• Sierra et al. Sex Differences of Increased Excitability of the Prefrontal and Motor Cortex to Improve Performance. Poster at Organization for Human Brain Mapping, Montréal, 2023

We also conduct research in healthy young adults to identify brain structures and neuronal networks directly involved in the control of posture, locomotion and steering of human locomotion. This work is paramount as it acts as a first step towards its application to clinical populations.

  • Parent-L’Ecuyer. Mapping and quantifying the excitability of a bilateral cortical representation of the tibialis anterior muscles: a TMS study. MSc Thesis, McGill University, 2023.
  • Hinton et al. Does dual-task placement and duration affect split-belt treadmill adaptation? 2020 Gait Posture. doi: 10.1016/j.gaitpost.2019.10.005.
  • Hinton et al. Everyday multitasking habits: University students seamlessly text and walk on a split-belt treadmill. 2018 Gait Posture. doi: 10.1016/j.gaitpost.2017.10.011.



students observing brain image on a monitorHBCL lab has expertise in different types of brain imaging techniques. Its location beside the world-renowned Montreal Neurological Institute (MNI) makes it a place of choice to conduct neuroimaging studies. We have been using structural and functional MRI to identify neuroplastic changes associated with the practice of high-level sports and Parkinson’s disease at rest. We also use a full brain imaging approach to quantify brain activation changes DURING real walking: 18F-fluorodesoxy-glucose Positron Emission Tomography (18F-FDG PET) imaging.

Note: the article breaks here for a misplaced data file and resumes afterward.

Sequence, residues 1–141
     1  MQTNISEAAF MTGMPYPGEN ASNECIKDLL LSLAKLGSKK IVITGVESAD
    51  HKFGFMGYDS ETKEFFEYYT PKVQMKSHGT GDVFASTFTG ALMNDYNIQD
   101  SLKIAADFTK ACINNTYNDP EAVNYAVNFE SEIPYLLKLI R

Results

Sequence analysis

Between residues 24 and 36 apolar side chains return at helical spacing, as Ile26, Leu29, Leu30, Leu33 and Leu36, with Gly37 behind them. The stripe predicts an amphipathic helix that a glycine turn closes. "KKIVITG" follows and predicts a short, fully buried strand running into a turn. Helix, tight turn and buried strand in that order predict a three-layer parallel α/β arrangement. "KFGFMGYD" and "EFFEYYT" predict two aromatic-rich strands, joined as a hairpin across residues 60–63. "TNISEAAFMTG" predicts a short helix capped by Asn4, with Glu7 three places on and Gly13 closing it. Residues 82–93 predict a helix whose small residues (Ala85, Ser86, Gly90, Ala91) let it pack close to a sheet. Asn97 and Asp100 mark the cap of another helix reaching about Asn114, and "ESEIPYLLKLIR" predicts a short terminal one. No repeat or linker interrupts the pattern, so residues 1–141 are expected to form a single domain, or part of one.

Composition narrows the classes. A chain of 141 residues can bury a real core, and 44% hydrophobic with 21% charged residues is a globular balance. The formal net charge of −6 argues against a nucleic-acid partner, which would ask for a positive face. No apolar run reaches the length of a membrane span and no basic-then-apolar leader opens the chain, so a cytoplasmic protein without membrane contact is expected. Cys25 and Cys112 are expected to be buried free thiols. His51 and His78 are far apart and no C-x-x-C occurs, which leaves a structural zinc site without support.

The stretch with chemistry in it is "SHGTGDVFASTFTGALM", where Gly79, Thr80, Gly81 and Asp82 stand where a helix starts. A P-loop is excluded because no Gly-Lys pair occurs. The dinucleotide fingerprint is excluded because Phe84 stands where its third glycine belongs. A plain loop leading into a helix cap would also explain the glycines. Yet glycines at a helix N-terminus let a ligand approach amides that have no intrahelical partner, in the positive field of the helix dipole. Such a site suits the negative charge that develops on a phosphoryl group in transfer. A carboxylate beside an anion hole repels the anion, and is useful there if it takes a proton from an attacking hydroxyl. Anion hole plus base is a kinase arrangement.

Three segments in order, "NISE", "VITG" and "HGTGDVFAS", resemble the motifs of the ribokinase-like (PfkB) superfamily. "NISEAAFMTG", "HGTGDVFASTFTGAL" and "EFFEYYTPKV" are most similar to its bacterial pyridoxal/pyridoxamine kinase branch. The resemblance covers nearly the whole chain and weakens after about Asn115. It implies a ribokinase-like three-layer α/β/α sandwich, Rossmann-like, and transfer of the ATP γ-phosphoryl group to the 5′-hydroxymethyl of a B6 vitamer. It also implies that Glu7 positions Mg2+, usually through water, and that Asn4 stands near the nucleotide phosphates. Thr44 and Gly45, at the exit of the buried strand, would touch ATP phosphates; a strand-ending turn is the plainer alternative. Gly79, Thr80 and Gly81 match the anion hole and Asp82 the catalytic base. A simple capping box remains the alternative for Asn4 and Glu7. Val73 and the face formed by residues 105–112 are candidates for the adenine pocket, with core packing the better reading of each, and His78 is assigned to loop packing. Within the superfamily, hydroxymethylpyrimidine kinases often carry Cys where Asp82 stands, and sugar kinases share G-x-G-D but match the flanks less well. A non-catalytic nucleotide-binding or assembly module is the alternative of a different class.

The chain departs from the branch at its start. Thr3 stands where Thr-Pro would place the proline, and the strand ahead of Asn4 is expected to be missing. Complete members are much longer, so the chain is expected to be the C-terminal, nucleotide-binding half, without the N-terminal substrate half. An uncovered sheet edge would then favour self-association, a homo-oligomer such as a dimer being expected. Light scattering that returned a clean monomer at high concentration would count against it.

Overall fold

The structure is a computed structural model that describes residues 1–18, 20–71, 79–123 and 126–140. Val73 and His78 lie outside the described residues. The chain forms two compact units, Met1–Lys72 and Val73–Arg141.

research student working on a neuro-navigated transcranial magnetic stimulationThe laboratory is also fully equipped with a neuro-navigated transcranial magnetic stimulation (TMS) system that allows us to conduct studies assessing and/or modulating the cortical excitability of upper and lower limbs. We use single-coil and dual-coil protocols to directly study brain networks and their alterations in clinical populations. TMS is also used in his repetitive form (rTMS) to modulate specific brain regions for sports performance or to alleviate symptoms of Parkinson’s disease, for example. A wide variety of coils (i.e., figure-of-eight ranging from 25 to 70-mm, dome, double cone) is available in the lab to ensure an optimal stimulation of each brain region.


lady standing in front of a mirror with a belt strapped on front

Locomotion behavior can also be directly studied in unconstrained environments using wearable inertial measurements units (IMU). Different gait parameters can be quantified, thus allowing to determine the impact of Parkinson’s disease on gait performance and to detect specific gait impairments. The IMU can also be used to study body movement during sports performance. When combined with brain imaging or TMS techniques, IMU can further complement the modeling of neuroplastic changes associated with locomotion.


person with pink shoes running on a treadmillLocomotor adaptation can be studied in HBCL lab using a split-belt treadmill. This type of treadmill allows the feet to be driven at different speeds by independently controlled treadmill belts. When combined with other methodologies, such as 18F-FDG PET imaging or inertial measurements units (IMU), the use of the split-belt treadmill can help identify mechanisms involved in locomotor adaptation.